WHEATON (CBS) — A Pennsylvania man accused of drugging a dog at a west suburban dog show in hopes of helping his girlfriend’s dog’s chances of winning was found not guilty Wednesday.

DuPage County prosecutors alleged 68-year-old Ralph Ullum slipped human drugs to Pixie, a prize-winning Siberian husky on Dec. 17 so a husky trained by his girlfriend would have a better chance of winning the American Kennel Club-sanctioned show.

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Ullum faced misdemeanor charges that include animal cruelty and attempted criminal damage to property; prosecutors said he gave Protonix and a second drug, possibly Benadryl, to Pixie.

But DuPage County Judge Ronald Sutter found Ullum innocent of the charges Wednesday, saying prosecutors hadn’t proved their case against him.

Pixie wasn’t harmed by the drugs, but neither she nor the dog trained by Ullum’s girlfriend won the coveted best in show award.

The dog’s owner, Jessica Plourde, testified Monday she hadn’t given Pixie any drugs, but still found pill fragments in and around Pixie’s cage last year during a Wheaton dog show.

An undigested pill was discovered after a veterinarian induced the white-and-brown female show dog to vomit, Plourde testified Monday.

Defense attorney Ed Maloney contended the allegations against his client were unfounded, suggesting they came as the result of a long-running competition between rival dog trainers. He noted that when witnesses said they saw Ullum putting something into Pixie’s cage, the dog already had finished competing.

Two witnesses testified they saw Ullum walk up to Pixie’s cage while Plourde was absent, then slip something inside, though neither could identify what he gave the dog.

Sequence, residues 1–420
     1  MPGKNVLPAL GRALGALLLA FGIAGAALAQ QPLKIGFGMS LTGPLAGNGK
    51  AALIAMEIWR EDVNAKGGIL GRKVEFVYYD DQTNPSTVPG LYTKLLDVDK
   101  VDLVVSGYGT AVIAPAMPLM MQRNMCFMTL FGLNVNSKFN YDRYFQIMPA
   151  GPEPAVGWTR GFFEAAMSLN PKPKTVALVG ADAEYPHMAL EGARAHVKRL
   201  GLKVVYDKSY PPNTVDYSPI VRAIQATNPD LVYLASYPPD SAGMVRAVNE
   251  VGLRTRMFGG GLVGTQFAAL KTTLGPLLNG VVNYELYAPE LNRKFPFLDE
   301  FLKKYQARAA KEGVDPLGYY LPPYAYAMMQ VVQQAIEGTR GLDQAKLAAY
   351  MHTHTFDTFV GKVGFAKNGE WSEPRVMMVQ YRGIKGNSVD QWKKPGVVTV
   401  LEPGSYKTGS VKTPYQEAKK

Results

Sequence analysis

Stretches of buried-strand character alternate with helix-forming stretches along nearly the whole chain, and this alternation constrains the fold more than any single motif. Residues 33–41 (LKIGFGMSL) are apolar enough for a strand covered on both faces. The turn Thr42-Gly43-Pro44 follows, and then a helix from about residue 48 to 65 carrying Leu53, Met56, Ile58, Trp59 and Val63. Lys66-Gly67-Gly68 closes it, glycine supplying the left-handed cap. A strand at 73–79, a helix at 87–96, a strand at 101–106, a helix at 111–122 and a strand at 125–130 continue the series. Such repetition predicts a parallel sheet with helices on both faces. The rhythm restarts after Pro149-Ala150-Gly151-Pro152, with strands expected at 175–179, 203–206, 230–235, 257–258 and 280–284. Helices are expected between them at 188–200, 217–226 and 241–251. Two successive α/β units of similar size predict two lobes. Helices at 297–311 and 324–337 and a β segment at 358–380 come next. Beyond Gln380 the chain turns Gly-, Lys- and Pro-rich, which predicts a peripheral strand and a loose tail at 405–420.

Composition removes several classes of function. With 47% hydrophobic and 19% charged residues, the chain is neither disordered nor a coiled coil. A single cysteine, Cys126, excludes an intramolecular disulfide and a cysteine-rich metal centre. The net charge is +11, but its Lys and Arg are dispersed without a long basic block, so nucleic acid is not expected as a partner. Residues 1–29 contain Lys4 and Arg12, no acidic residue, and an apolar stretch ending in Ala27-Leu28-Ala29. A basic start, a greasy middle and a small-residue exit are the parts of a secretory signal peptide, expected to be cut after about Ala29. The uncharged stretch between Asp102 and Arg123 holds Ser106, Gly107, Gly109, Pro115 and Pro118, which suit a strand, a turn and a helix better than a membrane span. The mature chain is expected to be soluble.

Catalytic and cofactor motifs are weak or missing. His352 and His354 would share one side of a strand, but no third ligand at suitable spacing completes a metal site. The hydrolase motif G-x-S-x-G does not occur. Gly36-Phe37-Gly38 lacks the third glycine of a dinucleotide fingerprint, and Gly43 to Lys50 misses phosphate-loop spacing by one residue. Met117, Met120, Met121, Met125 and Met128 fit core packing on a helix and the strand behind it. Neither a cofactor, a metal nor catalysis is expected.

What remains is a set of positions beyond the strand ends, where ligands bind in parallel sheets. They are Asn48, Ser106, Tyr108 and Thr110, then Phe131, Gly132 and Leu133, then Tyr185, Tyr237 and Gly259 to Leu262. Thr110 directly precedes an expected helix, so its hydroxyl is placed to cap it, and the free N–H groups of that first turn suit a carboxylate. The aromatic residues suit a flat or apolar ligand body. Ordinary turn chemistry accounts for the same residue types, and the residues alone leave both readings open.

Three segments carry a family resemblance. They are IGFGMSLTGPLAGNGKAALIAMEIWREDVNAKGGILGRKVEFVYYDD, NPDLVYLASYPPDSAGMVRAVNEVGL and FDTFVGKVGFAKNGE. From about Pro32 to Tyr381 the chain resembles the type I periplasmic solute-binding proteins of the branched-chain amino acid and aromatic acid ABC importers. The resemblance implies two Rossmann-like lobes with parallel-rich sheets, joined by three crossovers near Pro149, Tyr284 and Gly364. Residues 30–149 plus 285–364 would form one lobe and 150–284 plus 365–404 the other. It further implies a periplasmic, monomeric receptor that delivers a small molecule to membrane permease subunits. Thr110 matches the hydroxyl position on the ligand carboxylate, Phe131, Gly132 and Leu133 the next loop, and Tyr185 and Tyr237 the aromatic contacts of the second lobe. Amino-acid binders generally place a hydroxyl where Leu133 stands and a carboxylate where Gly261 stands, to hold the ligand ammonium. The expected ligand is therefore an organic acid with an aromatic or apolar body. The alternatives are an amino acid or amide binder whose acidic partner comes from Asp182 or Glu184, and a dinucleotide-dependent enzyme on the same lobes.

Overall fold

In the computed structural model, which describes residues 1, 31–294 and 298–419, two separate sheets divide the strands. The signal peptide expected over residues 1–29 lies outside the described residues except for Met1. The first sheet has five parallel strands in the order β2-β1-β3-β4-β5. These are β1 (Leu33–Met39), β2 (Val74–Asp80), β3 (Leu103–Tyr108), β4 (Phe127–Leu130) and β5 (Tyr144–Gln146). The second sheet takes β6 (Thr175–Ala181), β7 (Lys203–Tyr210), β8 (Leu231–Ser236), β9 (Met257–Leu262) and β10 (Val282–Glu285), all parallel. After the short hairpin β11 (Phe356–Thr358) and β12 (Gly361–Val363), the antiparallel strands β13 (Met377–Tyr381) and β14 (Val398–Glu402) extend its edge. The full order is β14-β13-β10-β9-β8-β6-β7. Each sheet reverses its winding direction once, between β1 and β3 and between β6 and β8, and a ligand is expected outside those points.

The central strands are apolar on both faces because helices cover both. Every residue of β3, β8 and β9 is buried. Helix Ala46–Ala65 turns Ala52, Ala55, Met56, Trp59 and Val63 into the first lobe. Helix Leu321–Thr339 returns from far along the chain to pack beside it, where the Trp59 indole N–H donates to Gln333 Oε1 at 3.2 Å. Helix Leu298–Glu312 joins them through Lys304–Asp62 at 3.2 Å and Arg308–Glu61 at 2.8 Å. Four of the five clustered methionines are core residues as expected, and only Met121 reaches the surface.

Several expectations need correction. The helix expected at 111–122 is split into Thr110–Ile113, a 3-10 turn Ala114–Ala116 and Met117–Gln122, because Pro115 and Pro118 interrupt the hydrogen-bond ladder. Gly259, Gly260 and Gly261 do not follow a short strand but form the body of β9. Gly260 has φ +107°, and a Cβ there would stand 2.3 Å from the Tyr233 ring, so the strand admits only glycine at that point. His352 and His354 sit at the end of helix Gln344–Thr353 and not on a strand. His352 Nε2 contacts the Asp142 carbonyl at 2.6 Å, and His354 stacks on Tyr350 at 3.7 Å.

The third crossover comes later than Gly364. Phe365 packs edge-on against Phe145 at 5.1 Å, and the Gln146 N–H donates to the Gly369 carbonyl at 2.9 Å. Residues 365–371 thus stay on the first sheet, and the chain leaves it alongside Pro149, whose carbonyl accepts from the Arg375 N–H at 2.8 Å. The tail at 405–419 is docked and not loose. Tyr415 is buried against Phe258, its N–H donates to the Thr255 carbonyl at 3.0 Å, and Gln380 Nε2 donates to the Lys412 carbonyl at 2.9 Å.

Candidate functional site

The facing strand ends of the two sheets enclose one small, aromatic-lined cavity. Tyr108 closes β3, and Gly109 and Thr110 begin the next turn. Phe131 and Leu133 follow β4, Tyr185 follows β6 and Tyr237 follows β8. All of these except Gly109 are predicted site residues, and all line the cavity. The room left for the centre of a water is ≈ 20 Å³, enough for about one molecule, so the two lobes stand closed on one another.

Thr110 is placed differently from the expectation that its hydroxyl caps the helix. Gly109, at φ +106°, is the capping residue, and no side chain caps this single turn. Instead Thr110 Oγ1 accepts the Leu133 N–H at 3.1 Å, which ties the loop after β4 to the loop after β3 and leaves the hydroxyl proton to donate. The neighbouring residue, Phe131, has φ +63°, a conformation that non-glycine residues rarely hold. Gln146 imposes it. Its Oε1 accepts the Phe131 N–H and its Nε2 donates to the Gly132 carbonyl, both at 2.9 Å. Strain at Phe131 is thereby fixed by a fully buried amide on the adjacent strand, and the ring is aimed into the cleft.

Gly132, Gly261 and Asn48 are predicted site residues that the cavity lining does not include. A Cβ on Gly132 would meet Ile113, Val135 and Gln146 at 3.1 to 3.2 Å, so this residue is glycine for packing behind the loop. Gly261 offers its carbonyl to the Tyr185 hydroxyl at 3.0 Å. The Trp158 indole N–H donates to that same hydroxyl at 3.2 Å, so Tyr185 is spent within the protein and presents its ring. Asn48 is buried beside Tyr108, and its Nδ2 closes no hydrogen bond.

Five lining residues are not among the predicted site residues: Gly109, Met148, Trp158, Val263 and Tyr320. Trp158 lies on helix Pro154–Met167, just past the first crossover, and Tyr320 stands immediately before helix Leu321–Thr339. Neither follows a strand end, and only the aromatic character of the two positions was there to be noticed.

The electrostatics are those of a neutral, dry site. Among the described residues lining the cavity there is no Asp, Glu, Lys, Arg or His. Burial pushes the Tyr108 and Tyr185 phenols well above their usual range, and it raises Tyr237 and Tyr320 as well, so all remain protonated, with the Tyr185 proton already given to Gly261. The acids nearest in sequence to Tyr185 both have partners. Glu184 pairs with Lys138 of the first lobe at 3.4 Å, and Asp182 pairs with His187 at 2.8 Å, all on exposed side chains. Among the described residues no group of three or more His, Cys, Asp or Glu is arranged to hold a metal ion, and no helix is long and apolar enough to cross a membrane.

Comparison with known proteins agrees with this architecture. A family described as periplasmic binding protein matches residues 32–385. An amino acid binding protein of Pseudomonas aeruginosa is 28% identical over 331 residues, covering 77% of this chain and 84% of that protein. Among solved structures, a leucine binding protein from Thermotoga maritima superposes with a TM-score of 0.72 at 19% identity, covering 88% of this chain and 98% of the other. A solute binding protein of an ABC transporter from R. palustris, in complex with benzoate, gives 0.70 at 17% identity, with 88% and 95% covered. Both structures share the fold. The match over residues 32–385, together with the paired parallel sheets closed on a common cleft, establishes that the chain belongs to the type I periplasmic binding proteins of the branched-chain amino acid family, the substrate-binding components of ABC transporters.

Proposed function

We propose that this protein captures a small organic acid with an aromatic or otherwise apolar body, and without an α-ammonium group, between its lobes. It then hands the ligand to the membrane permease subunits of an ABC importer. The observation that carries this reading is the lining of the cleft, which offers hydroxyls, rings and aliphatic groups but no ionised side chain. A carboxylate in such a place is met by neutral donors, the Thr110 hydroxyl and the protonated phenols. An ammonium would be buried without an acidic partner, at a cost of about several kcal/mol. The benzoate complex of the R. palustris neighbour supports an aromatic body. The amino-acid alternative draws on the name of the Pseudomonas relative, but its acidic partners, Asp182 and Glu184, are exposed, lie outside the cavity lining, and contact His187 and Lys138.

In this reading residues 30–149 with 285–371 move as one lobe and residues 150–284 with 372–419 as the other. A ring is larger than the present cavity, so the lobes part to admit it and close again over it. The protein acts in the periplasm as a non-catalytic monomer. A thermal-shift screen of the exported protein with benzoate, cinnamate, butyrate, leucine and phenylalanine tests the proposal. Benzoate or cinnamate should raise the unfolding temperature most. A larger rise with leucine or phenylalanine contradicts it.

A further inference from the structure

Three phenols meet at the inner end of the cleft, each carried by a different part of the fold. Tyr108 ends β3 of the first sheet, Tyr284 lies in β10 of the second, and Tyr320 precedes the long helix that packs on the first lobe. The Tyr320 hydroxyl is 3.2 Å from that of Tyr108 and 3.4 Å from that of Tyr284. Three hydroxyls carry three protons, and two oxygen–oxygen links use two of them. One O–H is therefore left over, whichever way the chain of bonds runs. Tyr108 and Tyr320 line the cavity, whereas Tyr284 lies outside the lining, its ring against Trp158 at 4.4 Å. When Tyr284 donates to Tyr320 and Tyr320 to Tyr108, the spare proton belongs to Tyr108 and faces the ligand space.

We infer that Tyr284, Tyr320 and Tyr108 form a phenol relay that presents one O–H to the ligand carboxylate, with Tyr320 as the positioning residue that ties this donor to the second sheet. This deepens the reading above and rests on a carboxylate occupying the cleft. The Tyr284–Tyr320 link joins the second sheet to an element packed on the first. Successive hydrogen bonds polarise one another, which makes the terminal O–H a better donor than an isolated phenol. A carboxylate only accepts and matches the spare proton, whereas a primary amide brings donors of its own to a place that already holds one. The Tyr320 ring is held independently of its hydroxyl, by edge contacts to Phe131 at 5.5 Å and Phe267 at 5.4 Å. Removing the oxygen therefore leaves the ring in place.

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“I saw him put something into her crate and she ate it,” said Terri Meyers, another trainer working near Pixie’s cage.

A veterinarian testified a pink substance found in and around Pixie’s cage appeared to be Benadryl, a human anti-allergy medication, or Acepromazine, an animal tranquilizer.

Both likely would have caused “drowsiness,” though Benadryl would have had a less severe effect on the dog, Patricia Meiser said.

She said an undigested pill found after Pixie vomited appeared to be Protonix, a human drug used to treat acid reflux and heartburn.

That drug likely would have prevented the dog from vomiting, said Meiser, who also shows dogs.

Questioned by Ullum’s attorney, Meiser said AKC rules bar drugging dogs before a show to control their behavior.

Plourde during her testimony said she never gave Pixie Benadryl, though she acknowledged some trainers may feed it to their dogs to try to calm them.

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